As mellow as Long Trax 2 presents itself, there is ultimately something that feels disingenuous. Drawing on African-American voices—be they famous artists or members of the Black Panthers and the Student Nonviolent Coordinating Committee—and sprinkling them atop lethargic and rote deep house (a music originating from the inner cities of Chicago and Detroit), Long ends up draining both the music and the words of their sense of urgency. It seems a damning luxury to drift off to it.
Part of what made Will Long’s Long Trax 1 so special was DJ Sprinkles. She overdubbed each of Long’s originals, which added a beautiful soulfulness to his raw and bare-bones approach. Without those reworks, the LP would have been a different story. This is the one we get on Long Trax 2, the Japan-based artist’s follow up, which no longer features DJ Sprinkles, nor her label, Comatonse. Now, suitable to its somber personality, Long’s music arrives alone.
Since Long Trax 1, Long’s music has changed less than the world around it. The first installment arrived just before the 2016 US presidential election. Looking back, its morose mood and use of vocal samples as political critique were apt; the album captured an unspoken pessimism, when a large part of American society still believed that slogans like “Yes We Can” and “Stronger Together” would make liberal democracy hold. On Long Trax 2, whose first cut samples the voice of a young Barack Obama, Long’s messages about cultural stasis can seem even more poignant.
Long’s approach to house is so minimal that it feels as fragile as a shell. Each track, built on the same kind of muted drums and gently sighing chords, distinguishes itself from the next only with its quiet use of vocals. They appear out of the mist and vanish just as quickly, reciting lines from history that carry both anger and apathy. “Should we pretend we have a colorblind society?” Obama asks on the opener. “I just think it’s part of capitalism to promote racism,” says Richard Pryor on “That’s The Way It Goes.” On “You Know?,” a man can’t remember what he’s angry about.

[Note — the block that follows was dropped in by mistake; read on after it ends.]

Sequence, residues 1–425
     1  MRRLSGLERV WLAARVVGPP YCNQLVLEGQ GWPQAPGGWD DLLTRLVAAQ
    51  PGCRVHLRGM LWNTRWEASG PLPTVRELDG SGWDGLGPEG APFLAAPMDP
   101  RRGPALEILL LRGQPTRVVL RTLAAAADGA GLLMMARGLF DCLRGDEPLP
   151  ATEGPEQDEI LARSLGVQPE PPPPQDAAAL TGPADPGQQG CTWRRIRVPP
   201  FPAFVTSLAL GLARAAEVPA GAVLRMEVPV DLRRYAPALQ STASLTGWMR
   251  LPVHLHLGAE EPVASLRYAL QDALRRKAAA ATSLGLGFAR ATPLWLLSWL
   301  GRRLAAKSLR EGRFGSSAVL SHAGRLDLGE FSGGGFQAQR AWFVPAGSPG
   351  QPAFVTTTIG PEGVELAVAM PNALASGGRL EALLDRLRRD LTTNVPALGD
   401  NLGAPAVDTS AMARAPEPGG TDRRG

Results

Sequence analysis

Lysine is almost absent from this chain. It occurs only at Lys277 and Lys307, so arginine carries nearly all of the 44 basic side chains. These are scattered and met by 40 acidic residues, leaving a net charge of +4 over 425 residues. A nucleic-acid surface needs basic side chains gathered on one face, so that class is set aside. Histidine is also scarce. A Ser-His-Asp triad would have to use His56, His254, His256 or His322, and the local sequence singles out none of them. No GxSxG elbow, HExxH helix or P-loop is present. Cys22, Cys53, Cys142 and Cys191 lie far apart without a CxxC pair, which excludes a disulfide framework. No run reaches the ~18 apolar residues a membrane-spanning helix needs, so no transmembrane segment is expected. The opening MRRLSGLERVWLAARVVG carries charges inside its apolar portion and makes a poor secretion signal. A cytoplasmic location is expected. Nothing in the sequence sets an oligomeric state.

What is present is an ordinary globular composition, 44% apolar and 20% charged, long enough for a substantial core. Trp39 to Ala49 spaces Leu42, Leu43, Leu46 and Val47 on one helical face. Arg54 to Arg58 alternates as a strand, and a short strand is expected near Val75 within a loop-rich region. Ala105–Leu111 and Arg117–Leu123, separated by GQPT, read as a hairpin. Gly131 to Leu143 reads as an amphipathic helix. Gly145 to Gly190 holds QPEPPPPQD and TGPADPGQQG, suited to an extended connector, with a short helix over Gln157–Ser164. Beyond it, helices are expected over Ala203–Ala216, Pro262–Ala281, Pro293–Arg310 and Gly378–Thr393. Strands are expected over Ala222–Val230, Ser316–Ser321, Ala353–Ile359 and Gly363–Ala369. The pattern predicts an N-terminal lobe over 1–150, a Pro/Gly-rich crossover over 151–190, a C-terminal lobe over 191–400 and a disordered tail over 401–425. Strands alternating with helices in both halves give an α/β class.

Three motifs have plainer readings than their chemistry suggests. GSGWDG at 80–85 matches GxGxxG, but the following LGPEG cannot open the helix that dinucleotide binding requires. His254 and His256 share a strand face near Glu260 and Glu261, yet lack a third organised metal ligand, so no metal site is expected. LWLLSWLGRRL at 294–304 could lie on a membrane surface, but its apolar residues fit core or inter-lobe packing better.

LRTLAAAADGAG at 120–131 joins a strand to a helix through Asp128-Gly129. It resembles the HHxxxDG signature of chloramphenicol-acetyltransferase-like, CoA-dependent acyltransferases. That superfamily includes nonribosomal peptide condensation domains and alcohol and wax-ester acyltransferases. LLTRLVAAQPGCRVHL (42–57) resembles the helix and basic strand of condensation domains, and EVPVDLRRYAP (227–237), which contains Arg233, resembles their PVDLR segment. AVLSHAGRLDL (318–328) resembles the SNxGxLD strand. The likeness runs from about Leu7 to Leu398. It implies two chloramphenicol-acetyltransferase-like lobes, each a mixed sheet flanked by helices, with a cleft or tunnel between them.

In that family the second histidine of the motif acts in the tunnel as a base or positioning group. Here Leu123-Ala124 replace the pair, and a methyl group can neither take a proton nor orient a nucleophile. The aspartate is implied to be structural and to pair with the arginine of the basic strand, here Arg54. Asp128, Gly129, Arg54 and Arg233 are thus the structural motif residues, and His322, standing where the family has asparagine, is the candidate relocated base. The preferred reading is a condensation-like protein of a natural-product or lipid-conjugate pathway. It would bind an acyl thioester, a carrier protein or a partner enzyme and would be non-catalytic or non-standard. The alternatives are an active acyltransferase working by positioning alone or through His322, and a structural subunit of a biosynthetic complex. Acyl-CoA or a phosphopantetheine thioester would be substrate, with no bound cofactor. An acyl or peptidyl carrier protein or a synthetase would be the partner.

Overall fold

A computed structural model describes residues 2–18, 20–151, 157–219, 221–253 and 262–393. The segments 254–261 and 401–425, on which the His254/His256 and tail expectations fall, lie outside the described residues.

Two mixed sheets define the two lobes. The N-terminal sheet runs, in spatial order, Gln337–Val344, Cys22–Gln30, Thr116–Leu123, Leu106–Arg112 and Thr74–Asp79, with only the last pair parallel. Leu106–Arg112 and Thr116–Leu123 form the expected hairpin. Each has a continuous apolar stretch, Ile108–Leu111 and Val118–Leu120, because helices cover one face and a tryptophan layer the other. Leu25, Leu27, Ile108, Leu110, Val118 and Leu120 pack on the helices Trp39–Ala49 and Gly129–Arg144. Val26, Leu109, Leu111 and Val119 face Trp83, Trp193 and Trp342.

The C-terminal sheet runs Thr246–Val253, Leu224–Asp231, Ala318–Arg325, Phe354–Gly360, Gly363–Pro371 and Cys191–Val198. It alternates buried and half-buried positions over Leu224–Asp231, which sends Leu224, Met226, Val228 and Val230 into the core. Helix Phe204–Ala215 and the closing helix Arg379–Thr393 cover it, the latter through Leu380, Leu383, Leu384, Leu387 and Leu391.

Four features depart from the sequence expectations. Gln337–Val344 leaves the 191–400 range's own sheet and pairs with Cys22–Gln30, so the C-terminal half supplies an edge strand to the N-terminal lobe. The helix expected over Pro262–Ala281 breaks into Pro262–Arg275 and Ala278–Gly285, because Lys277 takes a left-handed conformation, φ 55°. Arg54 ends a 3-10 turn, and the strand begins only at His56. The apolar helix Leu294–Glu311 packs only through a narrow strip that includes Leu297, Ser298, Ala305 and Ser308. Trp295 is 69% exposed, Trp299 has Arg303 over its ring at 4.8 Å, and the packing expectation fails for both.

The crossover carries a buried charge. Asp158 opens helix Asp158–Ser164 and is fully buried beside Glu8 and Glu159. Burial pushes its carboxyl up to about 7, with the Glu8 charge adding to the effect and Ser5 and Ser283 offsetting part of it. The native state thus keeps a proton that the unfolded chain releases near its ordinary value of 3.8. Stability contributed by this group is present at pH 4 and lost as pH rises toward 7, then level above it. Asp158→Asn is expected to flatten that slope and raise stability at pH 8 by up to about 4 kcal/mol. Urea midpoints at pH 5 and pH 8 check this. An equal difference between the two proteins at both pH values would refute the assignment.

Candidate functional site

Whether you like Long Trax 2 depends in part on how much you hear this message. Some might say the album’s production work is flat, repetitive, uninventive—which, for the most part, is true. This is where DJ Sprinkles came in handy on Long Trax 1. She took Long’s moods and enriched them with a sense of groove and musicality. Long Trax 2 runs the risk of monotony instead. But that seems to be Long’s message: we’re stuck, sorrow repeating without end.
Like Will Long, I grew up in the United States’ Deep South in a town 20 minutes up the road from Memphis – not too far from where Long grew up in Mississippi. Being raised in a region where so many racial and social clashes have occurred, the Mid South has always had its (un)fair share of internalised division and strife, both politically and personally, between neighbourhoods and friends. In order to properly understand the perspective from which he’s creating this club-oriented music, one must come to understand the background Long has chosen to analyse in his work under his own name.
House music itself has a shared history in the collectively marginalised cultures of both racial and sexual minorities. The way that Long decided to explore these ideas of society in beat-driven electronic music is both a logical extension of his ambient sound as Celer and the idea that house music is a reflective culture, no doubt influenced by Long Trax collaborator Terre Thaemlitz aka DJ Sprinkles.
Here we find songs permeated with samples of civil rights leaders calling for the end of things like capitalism and the beginning of renewed social revolution. Bookended by songs with titles like “Nothing’s Changed” and “We Tend to Forget,” Long’s here to remind us what really matters in the long run: the politics of how we treat each other.
In almost every song here, the soundscape extends the synths to infinity, painting the picture of an endless dance floor horizon–a world beyond the queue, where the safety and oneness of communal movement is reflected in everyday human interaction. The press release states that “we shouldn’t need clubs to hide from our fears and differences in the outside world,” a theme perfectly exemplified in the securely sprawling sonic nature of tracks like “You Know?” and “No More”.
At times, the pads throughout remind me of the iconic organ vamps of classic soul music. “No More” is a quiet roller, a track that builds tension so well that when the digital clap comes in it’s a small revelation. With an album as hypnotic as this, it’s hard not to be moved by the spirit of what Long is trying to accomplish. Some of the beats in the songs have a less muted sound than the ones on the first collection of Long Trax, feeling more direct and angular. The rhythm of “We Tend to Forget” feels more urgent and driving than anything Long’s done up to this point. It calls us to action.